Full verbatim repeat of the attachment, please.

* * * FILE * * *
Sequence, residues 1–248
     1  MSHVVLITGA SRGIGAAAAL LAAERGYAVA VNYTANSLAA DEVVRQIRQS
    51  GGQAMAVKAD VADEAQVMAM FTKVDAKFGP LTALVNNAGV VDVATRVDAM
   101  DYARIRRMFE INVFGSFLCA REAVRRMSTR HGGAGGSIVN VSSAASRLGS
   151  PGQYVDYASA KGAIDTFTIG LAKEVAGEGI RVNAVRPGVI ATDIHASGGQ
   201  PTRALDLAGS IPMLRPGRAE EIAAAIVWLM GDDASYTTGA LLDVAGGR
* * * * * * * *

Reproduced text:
Sequence, residues 1–248
     1  MSHVVLITGA SRGIGAAAAL LAAERGYAVA VNYTANSLAA DEVVRQIRQS
    51  GGQAMAVKAD VADEAQVMAM FTKVDAKFGP LTALVNNAGV VDVATRVDAM
   101  DYARIRRMFE INVFGSFLCA REAVRRMSTR HGGAGGSIVN VSSAASRLGS
   151  PGQYVDYASA KGAIDTFTIG LAKEVAGEGI RVNAVRPGVI ATDIHASGGQ
   201  PTRALDLAGS IPMLRPGRAE EIAAAIVWLM GDDASYTTGA LLDVAGGR